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The upside of shadow IT

Julia King | April 24, 2012
First, a scary statistic: Gartner predicts that in less than three years, 35% of enterprise IT expenditures will happen outside of the corporate IT budget.

"What I'm still seeing is old waterfall methodology, checklists and big document requirements and business case documents and scope documents, which are all very heavyweight," he notes. "These are things that are made for large ERP projects or massive Cobol projects and don't take into account agile and rapid methods or the good lessons learned around iterative development and prototyping. IT's methods are old and need to be updated. The approaches to software building are antiquated."

Jim DiMarzio, CIO at Mazda North American Operations in Irvine, Calif., has found a way around this particular hurdle in the form of more "proof of concept" projects.

"IT people like getting involved in new technology, but they understand there's a risk and they don't want to be tagged with a technology that has failed," DiMarzio says.

"When we tag projects as 'proof of concept,' " he adds, "they understand it is something that we are trying [and may or may not ultimately deploy]."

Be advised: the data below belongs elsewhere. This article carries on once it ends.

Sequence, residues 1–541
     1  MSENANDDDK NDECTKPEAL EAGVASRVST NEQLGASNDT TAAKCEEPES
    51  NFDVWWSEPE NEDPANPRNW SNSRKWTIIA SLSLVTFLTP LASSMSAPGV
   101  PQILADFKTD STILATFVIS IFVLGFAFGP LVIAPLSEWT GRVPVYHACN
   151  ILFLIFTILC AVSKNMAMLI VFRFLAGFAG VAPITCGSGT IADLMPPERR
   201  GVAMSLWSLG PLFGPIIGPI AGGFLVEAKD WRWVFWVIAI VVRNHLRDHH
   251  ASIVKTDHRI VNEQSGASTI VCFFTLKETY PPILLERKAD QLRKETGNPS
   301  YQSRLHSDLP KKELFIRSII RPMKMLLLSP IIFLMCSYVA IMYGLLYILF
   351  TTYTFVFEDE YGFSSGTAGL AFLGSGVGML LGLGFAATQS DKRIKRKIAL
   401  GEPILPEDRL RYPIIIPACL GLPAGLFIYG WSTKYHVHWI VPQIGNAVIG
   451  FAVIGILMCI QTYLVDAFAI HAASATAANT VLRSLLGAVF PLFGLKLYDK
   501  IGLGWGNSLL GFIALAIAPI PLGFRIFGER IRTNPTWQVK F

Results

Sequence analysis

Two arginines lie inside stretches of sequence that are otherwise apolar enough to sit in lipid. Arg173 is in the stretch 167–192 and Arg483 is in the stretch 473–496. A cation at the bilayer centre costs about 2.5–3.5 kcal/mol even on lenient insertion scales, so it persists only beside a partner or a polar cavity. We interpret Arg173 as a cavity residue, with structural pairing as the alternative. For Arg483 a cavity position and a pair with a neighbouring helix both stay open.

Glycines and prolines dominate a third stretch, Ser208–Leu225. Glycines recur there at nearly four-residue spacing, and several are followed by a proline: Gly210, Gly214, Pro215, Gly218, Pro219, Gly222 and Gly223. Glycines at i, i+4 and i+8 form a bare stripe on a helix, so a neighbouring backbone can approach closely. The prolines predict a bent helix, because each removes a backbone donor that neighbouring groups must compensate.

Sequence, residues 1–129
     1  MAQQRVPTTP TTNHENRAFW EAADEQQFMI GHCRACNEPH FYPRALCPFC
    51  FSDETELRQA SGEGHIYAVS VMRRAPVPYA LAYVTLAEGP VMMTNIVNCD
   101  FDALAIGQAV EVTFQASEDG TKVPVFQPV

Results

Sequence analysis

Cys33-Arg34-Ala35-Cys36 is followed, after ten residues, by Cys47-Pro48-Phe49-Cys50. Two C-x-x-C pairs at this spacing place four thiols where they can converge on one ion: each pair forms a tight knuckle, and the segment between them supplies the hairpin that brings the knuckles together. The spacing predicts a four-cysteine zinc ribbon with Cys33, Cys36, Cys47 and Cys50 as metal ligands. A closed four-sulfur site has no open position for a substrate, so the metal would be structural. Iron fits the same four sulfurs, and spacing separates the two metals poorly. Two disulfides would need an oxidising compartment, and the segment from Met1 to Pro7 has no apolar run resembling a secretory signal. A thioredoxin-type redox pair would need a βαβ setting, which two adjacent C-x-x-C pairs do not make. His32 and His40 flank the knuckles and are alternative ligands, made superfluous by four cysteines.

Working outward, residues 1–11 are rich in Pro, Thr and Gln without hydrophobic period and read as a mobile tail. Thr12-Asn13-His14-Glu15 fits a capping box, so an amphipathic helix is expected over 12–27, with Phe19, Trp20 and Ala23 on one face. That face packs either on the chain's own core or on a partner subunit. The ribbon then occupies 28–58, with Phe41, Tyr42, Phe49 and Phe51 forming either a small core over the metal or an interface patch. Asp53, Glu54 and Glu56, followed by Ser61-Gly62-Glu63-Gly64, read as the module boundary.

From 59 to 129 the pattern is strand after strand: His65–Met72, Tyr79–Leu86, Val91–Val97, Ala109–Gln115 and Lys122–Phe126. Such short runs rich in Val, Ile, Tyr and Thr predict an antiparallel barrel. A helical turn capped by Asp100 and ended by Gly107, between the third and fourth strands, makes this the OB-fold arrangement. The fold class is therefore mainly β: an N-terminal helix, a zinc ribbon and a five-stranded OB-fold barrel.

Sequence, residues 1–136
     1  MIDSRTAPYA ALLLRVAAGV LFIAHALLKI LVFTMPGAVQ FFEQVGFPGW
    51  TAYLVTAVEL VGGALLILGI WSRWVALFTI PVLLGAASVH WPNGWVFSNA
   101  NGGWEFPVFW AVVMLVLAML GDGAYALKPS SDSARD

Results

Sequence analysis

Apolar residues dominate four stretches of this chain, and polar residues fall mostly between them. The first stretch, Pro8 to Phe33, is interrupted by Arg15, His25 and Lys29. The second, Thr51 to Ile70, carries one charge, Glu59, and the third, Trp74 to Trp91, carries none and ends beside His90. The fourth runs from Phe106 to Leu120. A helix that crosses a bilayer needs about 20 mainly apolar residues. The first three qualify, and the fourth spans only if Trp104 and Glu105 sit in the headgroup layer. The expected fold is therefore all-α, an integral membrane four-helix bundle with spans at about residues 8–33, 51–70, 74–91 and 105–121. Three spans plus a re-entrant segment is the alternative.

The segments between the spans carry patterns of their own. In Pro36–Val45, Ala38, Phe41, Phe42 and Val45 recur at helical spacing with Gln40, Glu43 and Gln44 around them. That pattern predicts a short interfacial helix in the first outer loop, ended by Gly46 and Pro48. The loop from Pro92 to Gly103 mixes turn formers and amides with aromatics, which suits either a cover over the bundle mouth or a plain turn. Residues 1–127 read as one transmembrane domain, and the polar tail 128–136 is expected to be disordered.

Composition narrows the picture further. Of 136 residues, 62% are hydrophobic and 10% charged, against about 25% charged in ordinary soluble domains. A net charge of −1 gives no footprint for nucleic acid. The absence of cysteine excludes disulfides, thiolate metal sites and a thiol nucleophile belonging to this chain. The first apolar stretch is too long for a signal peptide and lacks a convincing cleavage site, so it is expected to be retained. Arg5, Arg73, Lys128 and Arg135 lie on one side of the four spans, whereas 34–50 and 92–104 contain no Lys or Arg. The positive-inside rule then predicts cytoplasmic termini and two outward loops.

-- Julia King

CNO's T64 application (T64 is short for Turning 64), for example, was developed by the company's independent agents who sell insurance door-to-door, mainly to retirees. The T64 app lets agents see on their mobile devices a list of potential clients who are turning 64 years old, along with directions to the clients' homes.

" 'We're in this together' is now much more than a tagline," says Rick Bauer, a former CIO and now director of product management at CompTIA, a provider of vendor-neutral certifications for IT professionals. "No one else is going to educate the enterprise about using devices in ways that boost productivity and in ways that are safe. IT has got to be a leader in helping people to think about these things."

Find your allies

If you're looking for shadow IT, one of the first places you'll find it is in the sales and marketing department, experts say. These front-line workers have little patience with time-consuming, checklist-laden application development cycles, which is what they have come to expect from IT. They want what they want, and they want it now. So they often gin it up for themselves.

"There's a disconnect between the traditional IT mindset and trying to get out a new application in a timely manner," notes PwC principal Chris Curran. "When a sales guy comes to IT and says, 'We need to get something out there now,' it can't take a year."

Curran advises PwC's clients to make friends with and learn from business users. More than likely, many have already been experimenting, especially with cloud-based apps for analytics and processing big data, he says.

At Genworth, Murray revamped the IT pay structure to reflect the value of building relationships with people outside of IT. As he sees it, knowing your partners in the business is part of IT becoming more agile.


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